Monday, May 16, 2005

Power struggle in Washington?

Patrick Martin, in WSWS 10 May 2005, writes about a power struggle in Washington.

The Pentagon's top Iran specialist, Lawrence A. Franklin, has been charged with passing documents to persons linked to Israel.

Franklin worked for Douglas Feith, a key member of the of neo-conservatives who pushed for US military action against Iraq.

According to WSWS there appears to be a big conflict within the Washington political establishment. The cause of the conflict is Iraq.

According to WSWS, top Americans are coming to realise that the invasion of Iraq has been a disaster for America; Iraq now ties down 140,000 troops.

Martin writes: "Washington hoped to achieve a position of unchallengeable dominance in world oil markets and, with control of Iraq and Afghanistan and other military bases obtained after the 9/11 attacks, an impregnable strategic position in the Middle East and Central Asia. Instead, Iraq has become a quagmire..."

At the Pentagon, the two neo-conservatives most closely associated with the campaign for war against Iraq, Deputy Defense Secretary Paul Wolfowitz and Undersecretary for Policy Douglas Feith, have been removed.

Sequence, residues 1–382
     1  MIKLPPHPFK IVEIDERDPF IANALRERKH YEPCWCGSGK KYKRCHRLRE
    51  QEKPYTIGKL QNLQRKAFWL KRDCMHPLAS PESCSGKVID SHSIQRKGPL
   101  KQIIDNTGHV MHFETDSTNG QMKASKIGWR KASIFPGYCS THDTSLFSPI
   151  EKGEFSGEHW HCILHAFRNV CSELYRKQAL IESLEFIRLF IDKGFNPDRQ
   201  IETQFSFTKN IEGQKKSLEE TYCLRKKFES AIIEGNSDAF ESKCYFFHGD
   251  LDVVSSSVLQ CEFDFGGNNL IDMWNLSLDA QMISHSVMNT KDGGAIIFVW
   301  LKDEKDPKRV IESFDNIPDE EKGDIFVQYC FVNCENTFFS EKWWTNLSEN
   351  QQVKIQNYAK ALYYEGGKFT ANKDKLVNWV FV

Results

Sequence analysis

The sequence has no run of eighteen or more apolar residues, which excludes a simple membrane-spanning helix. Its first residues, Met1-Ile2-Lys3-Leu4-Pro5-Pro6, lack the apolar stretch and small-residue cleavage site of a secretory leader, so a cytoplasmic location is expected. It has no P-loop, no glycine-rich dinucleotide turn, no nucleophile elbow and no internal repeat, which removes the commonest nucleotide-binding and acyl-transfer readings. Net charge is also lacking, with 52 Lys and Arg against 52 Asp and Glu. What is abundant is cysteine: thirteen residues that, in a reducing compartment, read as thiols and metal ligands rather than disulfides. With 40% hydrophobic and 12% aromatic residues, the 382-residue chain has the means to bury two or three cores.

Some people in Washington are now cautious about an attack on Iran.

However, WSWS points to leaks to the media which raise tensions:

Seymour Hersh reported in the New Yorker that the US has carried out intelligence reconnaissance raids into Iran from bases in Afghanistan, seeking targeting information for future air attacks.

Pro-Israeli media pundits have openly stated that the CIA and FBI are targeting neo-conservatives in the Pentagon with close ties to the government of Prime Minister Ariel Sharon. The New York Sun, which has close links to the neo-conservatives, claimed that the FBI investigation of Pentagon leaks was instigated by Rumsfeld himself.

WSWS reminds us of the Jonathan Pollard case, when a Navy analyst was caught spying for Israel in 1986.

WSWS writes that ' Washington regards Iran ... as a desirable ally and potential strategic asset.'

Israel, on the other hand, sees Iran as an enemy.

What is really going on is dificult to determine. As WSWS writes: 'The relationships between Chalabi, the Israelis, Iran and the US military and intelligence apparatus are extremely murky...

'Despite the public accusation that he is an Iranian spy, for example, the Iraqi politician has since resurfaced as deputy prime minister and acting oil minister in the new US-backed stooge government of Prime Minister Ibraham Jaafari.'

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